The second is from Baudrillard’s 2001 essay “Dust Breeding” in which he uses the example of Catherine Millet – the author of the best-selling autobiographical account of a large number of compulsively anonymous sexual couplings – The Sexual Life of Catherine M – as a contemporary example of the culture industry’s inability to grasp the paradox that the true nature of social reality is to be found in its shrouding. The more one seeks to reveal it in an excessively explicit and systematic fashion the further away it becomes:

Think like a woman taking off her dress,” said Bataille. Yes, but the naiveté of all the Catherine Millets is to think that they are taking of their dress to get undressed, to be naked and therefore reach the naked truth, the truth of sex or of the world. If one does take off one’s dress, it is to appear: not to appear naked like truth (and who can believe that truth remains truth when its veil is removed?) but to be born to the realm of appearances, to seduction which is the contrary. This modern and disenchanted view is a total misunderstanding if it considers the body to be an object waiting only to be undressed … Especially since all cultures of the mask, the veil and ornaments say precisely the contrary: they say that the body is a metaphor and that the true objects of desire and pleasure are the signs and marks that tear it from its nudity, naturalness and “truth,” from the integral reality of its physical being. In all places, seduction is what tears things from their truth (including their sexual truth). And if thought takes off its dress, it is not to reveal itself naked, it is not to unveil the secret of what had been hidden until then, it is to make the body appear as definitively enigmatic, definitively secret, as a pure object whose secret will never be lifted and has no need to be lifted (Baudrillard, 2005a:186).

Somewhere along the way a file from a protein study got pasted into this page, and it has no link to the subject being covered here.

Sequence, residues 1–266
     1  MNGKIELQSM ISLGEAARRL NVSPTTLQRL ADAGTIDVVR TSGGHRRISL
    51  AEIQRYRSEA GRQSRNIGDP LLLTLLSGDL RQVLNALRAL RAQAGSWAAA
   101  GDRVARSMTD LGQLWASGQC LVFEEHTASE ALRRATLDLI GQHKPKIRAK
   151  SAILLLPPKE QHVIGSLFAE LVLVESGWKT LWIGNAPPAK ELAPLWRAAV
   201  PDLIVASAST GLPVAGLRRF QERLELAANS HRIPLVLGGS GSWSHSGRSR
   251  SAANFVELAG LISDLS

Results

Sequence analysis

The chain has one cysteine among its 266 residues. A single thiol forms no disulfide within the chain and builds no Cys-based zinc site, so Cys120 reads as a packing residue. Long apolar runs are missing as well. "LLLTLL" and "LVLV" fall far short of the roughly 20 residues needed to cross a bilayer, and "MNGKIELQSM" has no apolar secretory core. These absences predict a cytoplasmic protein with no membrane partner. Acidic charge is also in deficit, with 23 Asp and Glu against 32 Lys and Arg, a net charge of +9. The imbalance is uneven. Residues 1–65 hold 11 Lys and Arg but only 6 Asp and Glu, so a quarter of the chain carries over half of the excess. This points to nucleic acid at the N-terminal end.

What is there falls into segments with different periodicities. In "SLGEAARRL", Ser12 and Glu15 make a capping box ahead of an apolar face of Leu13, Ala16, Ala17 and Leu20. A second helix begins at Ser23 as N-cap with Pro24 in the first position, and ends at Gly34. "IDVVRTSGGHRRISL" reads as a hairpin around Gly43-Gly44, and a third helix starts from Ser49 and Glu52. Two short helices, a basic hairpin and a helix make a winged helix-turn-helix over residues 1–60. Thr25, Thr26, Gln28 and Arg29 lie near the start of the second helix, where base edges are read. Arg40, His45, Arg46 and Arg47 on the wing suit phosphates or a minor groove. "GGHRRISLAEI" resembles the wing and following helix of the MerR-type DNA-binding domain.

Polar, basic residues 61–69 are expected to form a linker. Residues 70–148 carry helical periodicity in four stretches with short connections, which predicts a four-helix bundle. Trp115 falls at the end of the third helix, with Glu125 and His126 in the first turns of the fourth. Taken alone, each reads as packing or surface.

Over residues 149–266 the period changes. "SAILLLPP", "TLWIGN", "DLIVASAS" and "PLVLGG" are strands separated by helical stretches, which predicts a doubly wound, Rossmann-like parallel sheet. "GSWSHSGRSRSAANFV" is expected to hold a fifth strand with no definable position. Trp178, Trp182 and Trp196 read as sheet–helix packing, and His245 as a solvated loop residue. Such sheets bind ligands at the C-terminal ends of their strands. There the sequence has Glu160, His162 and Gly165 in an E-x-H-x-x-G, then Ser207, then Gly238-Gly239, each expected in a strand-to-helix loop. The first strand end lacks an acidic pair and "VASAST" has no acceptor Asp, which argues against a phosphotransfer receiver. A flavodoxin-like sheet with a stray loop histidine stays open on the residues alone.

Millet’s quest for sexual fulfilment via mechanistic couplings represents a physical manifestation of the culture industry’s repetitions (at a micro-level, the repetitive tracking action of the camera in the Food Network) in which higher meaning is lost. We see here an indication of the cultural consequences of the over-exposure of reality by the mechanically produced image that Benjamin began to explore optimistically as the decline of aura and which Kracauer more critically conceived of as an image-idea that drives away the idea and threatens by explicitly revealing what was formerly the traditional artistic interpretation of a reality permeated by cognition.
The conceptual continuities between then and now continue further as Baudrillard also builds directly upon the comparison Benjamin makes in the Work of Art Essay between the cameraman and the surgeon. Reality TV becomes an enforcedly claustrophobic attempt (think of the tightly controlled and contained sets and compounds in which Big Brother, Loft Story and similar programmes function) to verify the notion of society, when society is by its very nature a nebulous concept more likely to be destroyed than better understood by such a mode of testing. Catherine Millet’s sexual exploits are of a similarly misguided nature. According to Baudrillard in the case of both Millet and the camera: “we are in the process of dissecting – vivisecting under the scalpel of the camera … Catherine Millet … another kind of ‘vivi-sex-ion’ where all the imaginary of sexuality is swept away, leaving only a protocol in the form of a limitless verification of sexual functioning, a mechanism that no longer has anything sexual about it” (Ibid:184). Baudrillard provides a succinctly updated version of critical theorists’ objection to the culture industry and its manufactured manipulation of aura. It bears repeating that it is not a question of “high” versus “low” culture, it is a question of objecting to the semiotic extirpation of symbolic depth and ambiguity. The critical rejection of active audience theories is based upon a rejection of their claims to being active in any meaningful sense, constituted as they are by interactions with pre-digested categories of the banal.